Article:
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Should the U.S. Defund the WHO?

Since its emergence in 2019, COVID-19 has metamorphosed into a global pandemic. As of April 16th, the virus has claimed the lives of more than 140,000 people and has infected over two million more. Although this is exactly the type of crisis the World Health Organization was founded to combat, it appears that their true priority is pleasing the Chinese Communist Party. In pursuing this objective, they enabled the spread of the disease by ignoring Taiwanese warnings and further eroded their credibility by praising the CCP’s attempted coverup of the virus. Because of this, President Trump is right to suspend funding to the WHO, but he should also give the once-great organization the chance to reform itself.

One of the central dogmas of the CCP is the illegitimacy of Taiwan, and the WHO wholeheartedly agrees – even if it means jeopardizing the world’s health. Some WHO officials, like Dr. Bruce Aylward, the head of the WHO-China joint mission on COVID-19, won’t even acknowledge the existence of Taiwan. When Dr. Aylward was asked about the nation during an interview, he ignored the question and then hung up the call after the interviewer pressed him on the topic. This institutionalized rejection of reality led the WHO to ignore Taiwan when they warned them in December and again in mid-January that COVID-19 could spread through human-to-human transmission. It took until January 20th, the day the CCP acknowledged it, for the WHO to finally inform the world of this risk. By concealing the danger of COVID-19 in an attempt to appease the CCP, the WHO severely delayed the world’s preparation. 

The WHO has further destroyed its credibility by continuing to praise the CCP’s disastrous and delayed response to the virus. According to a study from the University of Southampton, if the CCP had begun implementing measures to contain the virus three weeks earlier than they did, they would’ve prevented 95% of infections; instead, the CCP chose to try to coverup the virus. Although Wuhan doctors had found evidence of human-to-human transmission in early December, the CCP denied this possibility six times until it finally conceded it in late January. The CCP also arrested eight people for warning the public of the disease. One of them, Dr. Li Wenliang, who later died from the disease at the age of 34, was forced to sign a statement apologizing for his “unlawful acts,” but the fate of the other seven whistleblowers remains unknown. If the CCP had tackled COVID-19 with the same determination that they had in misinforming the world and their own people, tens of thousands of lives would have been saved. Despite this, the WHO has commended China’s actions. On January 28th, the organization’s Director-General Tedros Adhanom Ghebreyesus, praised the “seriousness with which China is taking this outbreak, especially the commitment from top leadership, and the transparency they have demonstrated.” Exactly a month later, WHO Executive Director Michael Ryan declared that, “as China has shown, this does not need to be a pandemic if we take action”; in fact, COVID-19 became a pandemic because of the CCP’s inaction. It’s a shame that the same organization that reprimanded China for trying to coverup the SARS outbreak of 2003, is now ignoring another, more devastating, attempted coverup.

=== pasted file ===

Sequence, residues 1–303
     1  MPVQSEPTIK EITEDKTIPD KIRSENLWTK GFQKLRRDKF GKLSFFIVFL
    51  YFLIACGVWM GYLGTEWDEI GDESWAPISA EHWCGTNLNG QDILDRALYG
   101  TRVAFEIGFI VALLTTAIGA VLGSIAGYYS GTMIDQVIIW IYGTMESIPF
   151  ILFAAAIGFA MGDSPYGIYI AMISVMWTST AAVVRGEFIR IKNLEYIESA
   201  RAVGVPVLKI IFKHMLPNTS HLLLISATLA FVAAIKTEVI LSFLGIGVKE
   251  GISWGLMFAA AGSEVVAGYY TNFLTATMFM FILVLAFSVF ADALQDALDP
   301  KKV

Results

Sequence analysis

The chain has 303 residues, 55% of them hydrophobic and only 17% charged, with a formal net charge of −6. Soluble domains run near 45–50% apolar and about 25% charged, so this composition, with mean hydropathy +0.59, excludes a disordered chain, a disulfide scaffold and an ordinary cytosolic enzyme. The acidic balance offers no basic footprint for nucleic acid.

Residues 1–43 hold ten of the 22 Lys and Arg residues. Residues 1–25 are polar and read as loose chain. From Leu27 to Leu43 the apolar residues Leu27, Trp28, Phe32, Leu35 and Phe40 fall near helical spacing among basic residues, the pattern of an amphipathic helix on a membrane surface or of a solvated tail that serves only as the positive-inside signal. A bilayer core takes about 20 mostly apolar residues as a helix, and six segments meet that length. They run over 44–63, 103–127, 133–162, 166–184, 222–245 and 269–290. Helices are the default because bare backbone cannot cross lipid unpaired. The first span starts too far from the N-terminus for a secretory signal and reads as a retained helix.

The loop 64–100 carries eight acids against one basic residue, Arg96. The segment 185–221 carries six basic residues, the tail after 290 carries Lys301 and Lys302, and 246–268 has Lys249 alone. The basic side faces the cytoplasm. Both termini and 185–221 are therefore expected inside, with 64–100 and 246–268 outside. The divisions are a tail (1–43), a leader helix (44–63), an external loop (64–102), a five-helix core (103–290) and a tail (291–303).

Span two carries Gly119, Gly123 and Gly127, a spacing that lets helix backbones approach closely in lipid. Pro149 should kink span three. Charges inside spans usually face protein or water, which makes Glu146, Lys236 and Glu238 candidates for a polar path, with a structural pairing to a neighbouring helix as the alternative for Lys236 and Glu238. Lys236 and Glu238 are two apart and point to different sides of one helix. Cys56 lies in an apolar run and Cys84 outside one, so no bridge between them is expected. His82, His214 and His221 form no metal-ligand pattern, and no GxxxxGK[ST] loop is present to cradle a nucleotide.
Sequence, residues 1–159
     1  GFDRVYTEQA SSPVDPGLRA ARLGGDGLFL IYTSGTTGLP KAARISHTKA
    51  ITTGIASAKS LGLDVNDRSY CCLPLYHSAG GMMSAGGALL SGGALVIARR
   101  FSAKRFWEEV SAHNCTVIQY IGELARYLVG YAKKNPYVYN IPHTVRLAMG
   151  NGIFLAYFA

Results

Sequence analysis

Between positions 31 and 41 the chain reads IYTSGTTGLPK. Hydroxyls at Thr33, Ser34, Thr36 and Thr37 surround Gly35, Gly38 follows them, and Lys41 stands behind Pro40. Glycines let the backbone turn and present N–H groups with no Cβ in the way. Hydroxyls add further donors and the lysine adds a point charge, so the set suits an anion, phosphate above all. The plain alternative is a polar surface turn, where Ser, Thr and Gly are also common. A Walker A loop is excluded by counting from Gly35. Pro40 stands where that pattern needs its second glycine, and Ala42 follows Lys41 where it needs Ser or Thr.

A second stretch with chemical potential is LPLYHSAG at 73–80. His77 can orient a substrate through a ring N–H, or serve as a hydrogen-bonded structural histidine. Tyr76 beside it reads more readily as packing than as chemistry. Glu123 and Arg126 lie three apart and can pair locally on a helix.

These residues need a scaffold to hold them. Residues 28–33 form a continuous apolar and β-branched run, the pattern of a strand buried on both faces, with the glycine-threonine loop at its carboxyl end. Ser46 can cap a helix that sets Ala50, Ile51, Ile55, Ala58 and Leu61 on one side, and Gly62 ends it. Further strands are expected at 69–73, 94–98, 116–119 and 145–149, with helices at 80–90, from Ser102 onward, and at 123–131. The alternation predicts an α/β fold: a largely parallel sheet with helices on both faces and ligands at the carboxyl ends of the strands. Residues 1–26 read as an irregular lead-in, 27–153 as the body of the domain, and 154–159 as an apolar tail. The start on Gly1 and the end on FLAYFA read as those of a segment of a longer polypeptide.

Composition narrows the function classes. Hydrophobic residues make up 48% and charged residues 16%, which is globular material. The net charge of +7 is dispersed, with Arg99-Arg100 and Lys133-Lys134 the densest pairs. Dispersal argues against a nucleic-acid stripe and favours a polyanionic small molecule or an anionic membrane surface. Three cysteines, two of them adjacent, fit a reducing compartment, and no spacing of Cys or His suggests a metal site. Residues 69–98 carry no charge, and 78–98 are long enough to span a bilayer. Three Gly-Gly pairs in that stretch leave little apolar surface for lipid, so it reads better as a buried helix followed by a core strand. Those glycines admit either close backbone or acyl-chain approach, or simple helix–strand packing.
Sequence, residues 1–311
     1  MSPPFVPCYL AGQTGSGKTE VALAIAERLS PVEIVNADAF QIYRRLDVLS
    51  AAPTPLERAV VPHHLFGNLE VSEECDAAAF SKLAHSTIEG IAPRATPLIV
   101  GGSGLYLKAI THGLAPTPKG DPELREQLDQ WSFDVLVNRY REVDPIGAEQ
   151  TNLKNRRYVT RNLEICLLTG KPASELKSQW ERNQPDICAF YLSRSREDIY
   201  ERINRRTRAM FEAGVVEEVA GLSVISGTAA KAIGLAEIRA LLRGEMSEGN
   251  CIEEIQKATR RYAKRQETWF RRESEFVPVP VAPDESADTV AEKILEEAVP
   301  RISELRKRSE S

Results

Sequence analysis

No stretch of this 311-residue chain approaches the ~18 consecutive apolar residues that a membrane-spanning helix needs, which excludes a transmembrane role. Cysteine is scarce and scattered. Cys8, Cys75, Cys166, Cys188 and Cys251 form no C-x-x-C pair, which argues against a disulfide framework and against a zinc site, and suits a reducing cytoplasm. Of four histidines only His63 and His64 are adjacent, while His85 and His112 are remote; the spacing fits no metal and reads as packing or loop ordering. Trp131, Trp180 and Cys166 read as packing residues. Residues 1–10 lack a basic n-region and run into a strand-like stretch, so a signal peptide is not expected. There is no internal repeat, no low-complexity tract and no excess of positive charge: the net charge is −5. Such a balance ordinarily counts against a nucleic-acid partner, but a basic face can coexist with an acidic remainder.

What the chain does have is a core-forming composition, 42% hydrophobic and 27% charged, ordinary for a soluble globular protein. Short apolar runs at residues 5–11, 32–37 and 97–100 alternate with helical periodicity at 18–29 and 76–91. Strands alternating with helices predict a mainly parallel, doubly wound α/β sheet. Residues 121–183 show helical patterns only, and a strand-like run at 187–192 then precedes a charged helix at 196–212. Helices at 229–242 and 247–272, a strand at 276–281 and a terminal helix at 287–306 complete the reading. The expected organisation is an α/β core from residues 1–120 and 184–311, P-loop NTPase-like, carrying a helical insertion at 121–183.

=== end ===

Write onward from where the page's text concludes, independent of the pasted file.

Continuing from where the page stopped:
While it’s clear that the WHO has fallen from grace, I don’t think that the U.S. should abandon the organization without giving it the chance to reform itself. The U.S. should help them along this path by making specific demands, most importantly the immediate removal and disavowal of the WHO’s current leadership, a public apology to Taiwan, and formal acklowedgent of the CCP’s attempted coverup of COVID-19. The Trump Administration should also redirect the funding earmarked for the WHO to other, more honest health organizations like Doctors Without Borders to show that the U.S. is still serious about global health. By giving the WHO a taste of what they’ll miss out on if they continue to be the CCP’s toady, President Trump’s decision to suspend their funding is the first step of this process, but he hasn’t yet gone all the way. If the Trump Administration acts decisively and makes clear and reasonable demands, it can help reform the WHO, scoring a much-needed foreign policy win in the process. 

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